Send to

Choose Destination
Circ Res. 2014 Jan 31;114(3):421-33. doi: 10.1161/CIRCRESAHA.114.302153. Epub 2013 Dec 2.

Macrophage mitochondrial oxidative stress promotes atherosclerosis and nuclear factor-κB-mediated inflammation in macrophages.

Author information

From the Departments of Medicine, Physiology, and Cellular Biophysics, and Pathology and Cell Biology (Y.W., I.T.), and Medical Scientist Training Program (G.Z.W.), Columbia University, New York, NY; and Department of Pathology, University of Washington, Seattle, WA (P.S.R.).



Mitochondrial oxidative stress (mitoOS) has been shown to correlate with the progression of human atherosclerosis. However, definitive cell type-specific causation studies in vivo are lacking, and the molecular mechanisms of potential proatherogenic effects remain to be determined.


Our aims were to assess the importance of macrophage mitoOS in atherogenesis and to explore the underlying molecular mechanisms.


We first validated Western diet-fed Ldlr(-/-) mice as a model of human mitoOS-atherosclerosis association by showing that non-nuclear oxidative DNA damage, a marker of mitoOS in lesional macrophages, correlates with aortic root lesion development. To investigate the importance of macrophage mitoOS, we used a genetic engineering strategy in which the OS suppressor catalase was ectopically expressed in mitochondria (mCAT) in macrophages. MitoOS in lesional macrophages was successfully suppressed in these mice, and this led to a significant reduction in aortic root lesional area. The mCAT lesions had less monocyte-derived cells, less Ly6c(hi) monocyte infiltration into lesions, and lower levels of monocyte chemotactic protein-1. The decrease in lesional monocyte chemotactic protein-1 was associated with the suppression of other markers of inflammation and with decreased phosphorylation of RelA (NF-κB p65), indicating decreased activation of the proinflammatory NF-κB pathway. Using models of mitoOS in cultured macrophages, we showed that mCAT suppressed monocyte chemotactic protein-1 expression by decreasing the activation of the IκB-kinase β-RelA NF-κB pathway.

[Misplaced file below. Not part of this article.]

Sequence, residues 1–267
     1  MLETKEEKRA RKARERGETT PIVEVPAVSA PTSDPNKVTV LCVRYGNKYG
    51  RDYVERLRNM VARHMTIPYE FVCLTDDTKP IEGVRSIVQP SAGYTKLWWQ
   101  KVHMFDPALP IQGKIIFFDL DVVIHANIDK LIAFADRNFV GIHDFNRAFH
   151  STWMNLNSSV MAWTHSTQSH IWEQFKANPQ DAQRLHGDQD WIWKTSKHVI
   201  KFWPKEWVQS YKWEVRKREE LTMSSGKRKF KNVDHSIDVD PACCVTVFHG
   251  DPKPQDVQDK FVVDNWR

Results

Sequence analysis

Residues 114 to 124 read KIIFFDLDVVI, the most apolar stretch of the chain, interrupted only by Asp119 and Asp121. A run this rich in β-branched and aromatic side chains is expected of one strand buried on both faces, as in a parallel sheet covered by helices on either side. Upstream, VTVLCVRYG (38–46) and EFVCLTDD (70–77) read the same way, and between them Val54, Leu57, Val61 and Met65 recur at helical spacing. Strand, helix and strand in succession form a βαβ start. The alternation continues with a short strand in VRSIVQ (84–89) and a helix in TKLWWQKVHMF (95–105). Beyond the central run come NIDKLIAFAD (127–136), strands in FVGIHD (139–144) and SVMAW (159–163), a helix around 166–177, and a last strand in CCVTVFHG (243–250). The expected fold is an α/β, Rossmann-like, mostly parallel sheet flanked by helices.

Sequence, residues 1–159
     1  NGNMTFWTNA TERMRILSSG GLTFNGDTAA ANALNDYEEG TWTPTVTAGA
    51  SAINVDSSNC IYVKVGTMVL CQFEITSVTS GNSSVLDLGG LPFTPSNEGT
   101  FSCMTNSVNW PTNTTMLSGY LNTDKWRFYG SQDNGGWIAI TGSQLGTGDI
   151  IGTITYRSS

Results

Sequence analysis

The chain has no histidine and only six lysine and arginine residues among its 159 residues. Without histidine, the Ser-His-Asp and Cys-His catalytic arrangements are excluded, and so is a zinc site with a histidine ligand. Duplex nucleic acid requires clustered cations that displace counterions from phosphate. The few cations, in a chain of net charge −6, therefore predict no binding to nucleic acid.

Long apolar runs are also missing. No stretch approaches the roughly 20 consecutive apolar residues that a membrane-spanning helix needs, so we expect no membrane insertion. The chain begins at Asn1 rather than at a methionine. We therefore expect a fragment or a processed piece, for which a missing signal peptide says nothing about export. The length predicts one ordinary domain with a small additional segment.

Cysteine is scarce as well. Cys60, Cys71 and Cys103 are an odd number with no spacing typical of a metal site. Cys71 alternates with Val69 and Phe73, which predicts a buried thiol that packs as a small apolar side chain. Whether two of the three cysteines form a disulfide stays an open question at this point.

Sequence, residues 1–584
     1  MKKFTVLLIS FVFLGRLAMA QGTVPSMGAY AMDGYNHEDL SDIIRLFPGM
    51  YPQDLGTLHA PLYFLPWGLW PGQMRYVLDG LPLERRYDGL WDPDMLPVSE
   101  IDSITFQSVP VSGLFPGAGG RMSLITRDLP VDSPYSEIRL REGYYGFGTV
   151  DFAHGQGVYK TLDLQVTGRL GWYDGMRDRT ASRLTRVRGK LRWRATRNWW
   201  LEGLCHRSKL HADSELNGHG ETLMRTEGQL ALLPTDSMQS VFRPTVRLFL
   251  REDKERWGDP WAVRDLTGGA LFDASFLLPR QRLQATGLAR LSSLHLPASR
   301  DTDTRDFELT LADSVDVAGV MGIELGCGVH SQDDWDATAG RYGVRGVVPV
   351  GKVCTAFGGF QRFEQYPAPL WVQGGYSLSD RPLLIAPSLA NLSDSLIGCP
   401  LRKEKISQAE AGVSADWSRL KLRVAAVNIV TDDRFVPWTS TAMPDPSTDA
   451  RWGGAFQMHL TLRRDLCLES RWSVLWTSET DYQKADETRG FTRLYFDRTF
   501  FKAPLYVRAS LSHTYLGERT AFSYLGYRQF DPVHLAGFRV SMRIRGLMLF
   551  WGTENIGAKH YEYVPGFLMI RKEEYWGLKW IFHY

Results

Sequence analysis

MitoOS in lesional macrophages amplifies atherosclerotic lesion development by promoting NF-κB-mediated entry of monocytes and other inflammatory processes. In view of the mitoOS-atherosclerosis link in human atheromata, these findings reveal a potentially new therapeutic target to prevent the progression of atherosclerosis.


NF-kappa B; atherosclerosis; macrophages; reactive oxygen species

[Indexed for MEDLINE]
Free PMC Article

Supplemental Content

Full text links

Icon for Atypon Icon for PubMed Central
Loading ...
Support Center